The state standards for public school students can give homeschooling parents some good ideas, including what your homeschool student may be lacking, or may be “way ahead” on, in various academic subjects, at least, according to the published works of the academic “think tank,” professionals, that write standard levels, bench marks, and activities.
Florida homeschool students are NOT required to follow the Florida Sunshine State Standards. Just like private schools are NOT required to follow the Florida Sunshine State Standards. In Florida, home educated, and private educated, students can follow whatever standards the directors/administrators of their schools choose. For home education (homeschooling) the directors are the parents/guardians of the home educating students. If the home, or private, school directors choose to have their students follow state standards they may, though it is not required. Home & private school students can do the state standards, and MUCH more, if the so choose.
I do recommend looking at the public school state standards for several reasons. Here are two of mine, not necessarily in the order of importance:
1. To get ideas for activites for your homeschooling students.
2. To see if your students are achieving the knowledge, skills, etc. at levels that the public school “think tank” people believe students should achieve at their respective, standard age levels. ie. 6 year old – 1st grade, 7 year old – 2nd grade, 10 year old – 5th grade, 16 year old – 11th grade, etc.
We know that different people learn at different rates, at different ages, or “developmental,” levels/stages. And, all people do not necessarily learn in the same order, of these “levels/stages.”
We also know that different “learning/teaching” styles are most effective with different students in different ways, at different levels as well. Here, I must say, duh.
The reason I mention the previously stated, obvious facts is to say that some of the state standards can be achieved much earlier in the developmental level/stage (age) that the standard is written for, and some at a later level/stage (age). It should be obvious that it is GOOD to have some general standards, levels, skills, knowledge, etc. as points of reference.
The education (learning/teaching) is much more effective when it is able to be planned, and directed, individually. Hence, home education, and some private education, is much more effective and “productive,” than most public eduction.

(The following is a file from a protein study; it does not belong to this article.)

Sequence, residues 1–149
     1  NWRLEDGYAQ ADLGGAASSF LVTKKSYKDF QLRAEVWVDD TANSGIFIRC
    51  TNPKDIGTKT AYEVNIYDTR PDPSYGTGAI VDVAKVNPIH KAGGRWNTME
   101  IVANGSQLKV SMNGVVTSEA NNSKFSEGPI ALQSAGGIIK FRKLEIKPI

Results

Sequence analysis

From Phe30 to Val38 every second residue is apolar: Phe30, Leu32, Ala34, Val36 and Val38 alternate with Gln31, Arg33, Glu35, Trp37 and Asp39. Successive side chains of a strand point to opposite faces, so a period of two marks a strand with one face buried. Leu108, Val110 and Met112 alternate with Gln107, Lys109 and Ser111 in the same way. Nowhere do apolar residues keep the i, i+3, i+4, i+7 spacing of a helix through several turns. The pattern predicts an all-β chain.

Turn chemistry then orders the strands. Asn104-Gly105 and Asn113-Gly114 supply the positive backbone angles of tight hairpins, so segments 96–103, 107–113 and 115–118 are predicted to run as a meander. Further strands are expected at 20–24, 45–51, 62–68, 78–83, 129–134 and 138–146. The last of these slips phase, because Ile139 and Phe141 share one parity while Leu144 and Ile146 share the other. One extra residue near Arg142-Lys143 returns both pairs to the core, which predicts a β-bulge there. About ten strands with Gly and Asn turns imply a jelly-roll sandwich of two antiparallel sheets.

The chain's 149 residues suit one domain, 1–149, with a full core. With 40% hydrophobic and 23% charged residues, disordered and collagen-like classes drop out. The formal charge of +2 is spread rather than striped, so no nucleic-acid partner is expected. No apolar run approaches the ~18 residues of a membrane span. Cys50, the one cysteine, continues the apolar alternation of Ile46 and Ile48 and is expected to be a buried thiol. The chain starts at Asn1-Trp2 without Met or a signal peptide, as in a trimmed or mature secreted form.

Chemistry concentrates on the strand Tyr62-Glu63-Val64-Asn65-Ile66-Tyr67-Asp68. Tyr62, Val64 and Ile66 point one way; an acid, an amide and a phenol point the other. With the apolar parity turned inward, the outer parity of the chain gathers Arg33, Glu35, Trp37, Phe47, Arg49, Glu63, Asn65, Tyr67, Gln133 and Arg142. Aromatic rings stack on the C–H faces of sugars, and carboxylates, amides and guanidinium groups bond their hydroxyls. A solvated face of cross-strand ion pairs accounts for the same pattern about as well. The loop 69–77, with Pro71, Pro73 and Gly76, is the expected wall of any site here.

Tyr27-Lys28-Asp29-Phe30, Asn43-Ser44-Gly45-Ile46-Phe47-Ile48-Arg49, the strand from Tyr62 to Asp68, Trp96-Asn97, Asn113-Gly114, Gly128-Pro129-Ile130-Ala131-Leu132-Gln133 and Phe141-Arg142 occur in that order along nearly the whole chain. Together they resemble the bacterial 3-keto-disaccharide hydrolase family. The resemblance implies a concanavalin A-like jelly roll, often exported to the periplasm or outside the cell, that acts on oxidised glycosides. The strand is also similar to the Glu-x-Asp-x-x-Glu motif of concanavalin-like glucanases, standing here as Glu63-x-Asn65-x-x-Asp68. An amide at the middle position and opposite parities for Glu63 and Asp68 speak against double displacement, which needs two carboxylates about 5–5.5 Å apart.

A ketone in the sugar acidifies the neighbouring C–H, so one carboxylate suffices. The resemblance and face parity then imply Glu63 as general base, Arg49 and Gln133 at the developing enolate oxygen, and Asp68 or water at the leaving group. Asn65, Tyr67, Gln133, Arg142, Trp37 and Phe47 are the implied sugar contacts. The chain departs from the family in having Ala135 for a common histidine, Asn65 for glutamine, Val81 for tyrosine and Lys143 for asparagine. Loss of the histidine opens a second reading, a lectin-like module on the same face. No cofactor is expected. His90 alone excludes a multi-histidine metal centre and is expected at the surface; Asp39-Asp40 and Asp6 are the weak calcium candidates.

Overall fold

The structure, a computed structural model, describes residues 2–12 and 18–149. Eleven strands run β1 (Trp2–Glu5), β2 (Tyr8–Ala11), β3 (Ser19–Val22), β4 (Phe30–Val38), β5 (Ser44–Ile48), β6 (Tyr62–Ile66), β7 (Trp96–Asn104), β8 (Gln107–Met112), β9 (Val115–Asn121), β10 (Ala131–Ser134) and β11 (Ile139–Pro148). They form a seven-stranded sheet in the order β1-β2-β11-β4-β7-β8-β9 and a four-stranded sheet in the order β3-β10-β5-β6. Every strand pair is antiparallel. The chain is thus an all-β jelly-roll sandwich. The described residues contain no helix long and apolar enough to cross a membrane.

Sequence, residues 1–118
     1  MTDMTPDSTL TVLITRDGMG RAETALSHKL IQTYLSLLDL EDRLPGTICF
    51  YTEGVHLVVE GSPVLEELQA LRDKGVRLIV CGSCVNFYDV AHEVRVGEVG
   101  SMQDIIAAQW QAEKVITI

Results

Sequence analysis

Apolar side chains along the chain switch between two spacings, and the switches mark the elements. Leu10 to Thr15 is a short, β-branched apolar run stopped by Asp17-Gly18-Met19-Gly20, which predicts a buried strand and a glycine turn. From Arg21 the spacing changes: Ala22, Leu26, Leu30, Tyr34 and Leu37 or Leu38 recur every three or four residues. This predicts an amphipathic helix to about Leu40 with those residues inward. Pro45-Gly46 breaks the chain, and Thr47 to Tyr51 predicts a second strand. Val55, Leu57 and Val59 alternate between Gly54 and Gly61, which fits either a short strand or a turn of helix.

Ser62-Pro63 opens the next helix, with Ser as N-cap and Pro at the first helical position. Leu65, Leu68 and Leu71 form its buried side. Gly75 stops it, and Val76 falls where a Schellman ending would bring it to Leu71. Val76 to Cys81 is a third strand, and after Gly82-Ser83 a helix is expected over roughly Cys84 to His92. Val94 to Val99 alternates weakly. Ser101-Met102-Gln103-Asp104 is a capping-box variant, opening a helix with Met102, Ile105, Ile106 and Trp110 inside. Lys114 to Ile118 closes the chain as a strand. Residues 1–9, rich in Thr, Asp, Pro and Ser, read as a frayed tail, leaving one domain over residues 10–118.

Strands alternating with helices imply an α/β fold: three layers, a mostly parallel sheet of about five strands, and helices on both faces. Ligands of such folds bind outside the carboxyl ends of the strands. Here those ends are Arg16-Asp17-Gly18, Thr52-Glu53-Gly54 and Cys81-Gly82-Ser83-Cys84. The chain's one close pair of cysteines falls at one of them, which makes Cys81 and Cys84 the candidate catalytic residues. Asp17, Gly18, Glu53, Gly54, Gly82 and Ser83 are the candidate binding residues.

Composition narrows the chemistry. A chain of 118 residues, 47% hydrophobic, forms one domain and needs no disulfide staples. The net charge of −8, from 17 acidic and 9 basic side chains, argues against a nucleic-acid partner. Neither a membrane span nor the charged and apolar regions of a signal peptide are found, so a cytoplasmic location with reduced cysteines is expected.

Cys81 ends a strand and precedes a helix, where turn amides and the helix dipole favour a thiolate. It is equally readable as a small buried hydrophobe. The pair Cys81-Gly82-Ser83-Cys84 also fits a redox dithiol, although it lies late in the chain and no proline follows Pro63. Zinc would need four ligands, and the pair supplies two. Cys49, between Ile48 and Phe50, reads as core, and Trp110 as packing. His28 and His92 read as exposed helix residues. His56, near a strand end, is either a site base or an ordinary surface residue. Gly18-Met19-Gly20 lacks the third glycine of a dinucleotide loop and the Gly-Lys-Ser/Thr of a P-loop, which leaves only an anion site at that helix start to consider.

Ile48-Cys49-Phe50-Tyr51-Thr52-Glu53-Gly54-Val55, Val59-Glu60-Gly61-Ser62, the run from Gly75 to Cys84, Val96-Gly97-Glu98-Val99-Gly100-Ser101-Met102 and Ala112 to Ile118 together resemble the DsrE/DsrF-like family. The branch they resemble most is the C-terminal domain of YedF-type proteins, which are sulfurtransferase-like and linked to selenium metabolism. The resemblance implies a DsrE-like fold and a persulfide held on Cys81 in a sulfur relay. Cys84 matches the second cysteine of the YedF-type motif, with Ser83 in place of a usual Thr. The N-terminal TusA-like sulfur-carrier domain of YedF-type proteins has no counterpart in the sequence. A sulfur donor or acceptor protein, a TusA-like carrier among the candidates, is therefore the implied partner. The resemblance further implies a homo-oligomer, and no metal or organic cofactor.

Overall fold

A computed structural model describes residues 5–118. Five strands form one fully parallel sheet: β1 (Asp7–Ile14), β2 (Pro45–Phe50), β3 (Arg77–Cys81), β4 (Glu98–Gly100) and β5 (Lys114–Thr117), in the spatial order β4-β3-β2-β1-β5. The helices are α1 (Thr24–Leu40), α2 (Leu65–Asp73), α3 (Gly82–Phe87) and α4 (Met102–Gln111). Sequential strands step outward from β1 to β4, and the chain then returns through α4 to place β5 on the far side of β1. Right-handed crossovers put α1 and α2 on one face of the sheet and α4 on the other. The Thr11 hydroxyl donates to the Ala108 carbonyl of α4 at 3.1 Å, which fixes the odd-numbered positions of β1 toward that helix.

In other words, I think that many of the public school standards are too general, not necessarily at the best levels/stages for the majority of students, and kind of vague, especially now, with the “Common Core State Standards” stuff. I think they left a word off the new curriculum standards. I am sure it should be named, “Common Convoluted Core State Standards.”
People, and children, are a lot alike in many ways, but inspiring and facilitating creative thinking, accurate comprehension, computation, and even effective communication skills, etc., is not so easy and general as showing someone how to type on a keyboard (I must say, I hope that was a “duh,” fact). Even holding a pencil correctly takes some individual instruction, AND (surprise) some children need various instructional methods, and many times of instruction and reinforcement with an individual instructor, to learn to hold a pencil correctly. Some children are just going to get it instantly, and therefore could be writing volumes of material by the age of 5 years old, while another child will not be writing much, and/or legibly, until 8 or 10 years old, AND that is NOT necessarily “bad,” nor is there something drastically “wrong” with the latter described child, or the teaching methods!
Look up public school state standards for many states, and get ideas. Here are the state standards for Florida and Pennsylvania: